More recent studies have not reflected any improvement in the role of legal education in preparing graduates for practice. The American Bar Foundation’s After the JD study tracks the careers of a sample of lawyers who passed the bar in 2000. It asked lawyers three and seven years of out of school if “law school prepared me well for my legal career.” On this fundamental objective of legal education, law schools failed miserably — 40% of lawyers after three years of practice and 50% after seven years said that law school did not adequately prepare them. Both groups overwhelmingly agreed that law school was too theoretical and unconcerned with real life practice. In another study of early-career lawyers, only 28% believed that law school prepared them to practice law.

Two studies by LexisNexis reinforce this view. In a 2009 survey, 90% of attorneys in private practice and corporate law offices said that law school does not teach the practical skills needed to practice law today. A similar study six years later found that legal education has not improved, contrary to the claims of some legal educators and regulators. In the 2015 survey, 95% of hiring partners and senior associates who supervise new attorneys responded that recently graduated students lack key practical skills at the time of hiring. The lawyers also believe its not a matter that law schools cannot teach these skills but that they simply refuse to do so: “Most attorneys involved with hiring and management of new lawyers agree practical skills can be effectively honed through clinics, internships, clerkships, and experience in actual or simulated application to a case.”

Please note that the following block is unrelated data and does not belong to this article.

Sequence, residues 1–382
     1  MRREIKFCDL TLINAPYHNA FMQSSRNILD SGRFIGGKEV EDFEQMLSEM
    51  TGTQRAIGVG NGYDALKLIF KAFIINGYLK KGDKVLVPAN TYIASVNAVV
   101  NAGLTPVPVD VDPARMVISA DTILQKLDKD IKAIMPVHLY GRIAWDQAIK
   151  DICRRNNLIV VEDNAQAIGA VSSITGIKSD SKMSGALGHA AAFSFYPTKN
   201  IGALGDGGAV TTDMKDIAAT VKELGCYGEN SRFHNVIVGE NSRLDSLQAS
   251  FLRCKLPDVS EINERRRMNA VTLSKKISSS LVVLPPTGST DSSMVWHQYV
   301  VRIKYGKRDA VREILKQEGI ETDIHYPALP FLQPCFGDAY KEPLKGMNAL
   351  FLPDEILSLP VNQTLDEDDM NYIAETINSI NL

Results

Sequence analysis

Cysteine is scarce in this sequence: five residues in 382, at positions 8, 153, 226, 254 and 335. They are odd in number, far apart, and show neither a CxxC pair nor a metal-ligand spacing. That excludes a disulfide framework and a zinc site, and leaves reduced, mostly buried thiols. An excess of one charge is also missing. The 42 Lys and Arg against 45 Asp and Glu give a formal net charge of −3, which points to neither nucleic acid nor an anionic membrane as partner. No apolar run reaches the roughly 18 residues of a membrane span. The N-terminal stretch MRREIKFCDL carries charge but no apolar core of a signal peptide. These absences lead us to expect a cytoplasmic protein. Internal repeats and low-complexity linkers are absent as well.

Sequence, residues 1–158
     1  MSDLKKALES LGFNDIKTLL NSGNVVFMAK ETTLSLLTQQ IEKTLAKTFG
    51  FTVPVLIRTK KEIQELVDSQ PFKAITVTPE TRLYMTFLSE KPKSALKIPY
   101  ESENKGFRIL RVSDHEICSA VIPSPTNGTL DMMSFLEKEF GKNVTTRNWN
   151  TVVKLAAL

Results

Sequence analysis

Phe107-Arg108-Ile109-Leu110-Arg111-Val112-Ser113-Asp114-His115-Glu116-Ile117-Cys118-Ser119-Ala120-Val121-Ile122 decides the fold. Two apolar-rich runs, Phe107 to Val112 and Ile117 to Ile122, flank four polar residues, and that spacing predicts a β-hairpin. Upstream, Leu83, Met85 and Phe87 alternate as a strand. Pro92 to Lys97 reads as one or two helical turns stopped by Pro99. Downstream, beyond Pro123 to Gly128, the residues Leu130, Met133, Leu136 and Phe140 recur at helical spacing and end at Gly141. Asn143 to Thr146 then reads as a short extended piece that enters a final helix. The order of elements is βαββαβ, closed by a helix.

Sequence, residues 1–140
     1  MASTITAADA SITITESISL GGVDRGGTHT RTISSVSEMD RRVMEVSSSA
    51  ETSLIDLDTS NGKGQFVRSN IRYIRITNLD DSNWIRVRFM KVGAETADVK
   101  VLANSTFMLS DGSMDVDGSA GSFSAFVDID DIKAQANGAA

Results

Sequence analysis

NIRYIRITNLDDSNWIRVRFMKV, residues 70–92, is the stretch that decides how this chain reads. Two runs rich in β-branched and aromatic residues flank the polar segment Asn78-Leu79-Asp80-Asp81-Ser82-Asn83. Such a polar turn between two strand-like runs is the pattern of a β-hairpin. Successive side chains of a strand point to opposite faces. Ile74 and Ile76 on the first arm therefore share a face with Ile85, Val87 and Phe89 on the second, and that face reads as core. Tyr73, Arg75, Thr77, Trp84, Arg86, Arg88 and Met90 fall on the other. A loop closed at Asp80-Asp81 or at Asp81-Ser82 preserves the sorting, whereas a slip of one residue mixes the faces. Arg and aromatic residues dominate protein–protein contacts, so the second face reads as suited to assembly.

Law students who just graduated realize their need for more practical training — 87% say legal education needs to undergo significant changes to better prepare future attorneys; 97% favor a law school model that incorporates clinical experience. Judges agree. When asked what change would most benefit law schools, judges of all types of court (federal and state, appellate and trial) rated more coursework on practice-oriented skills the highest, far exceeding support for expanding the core curriculum.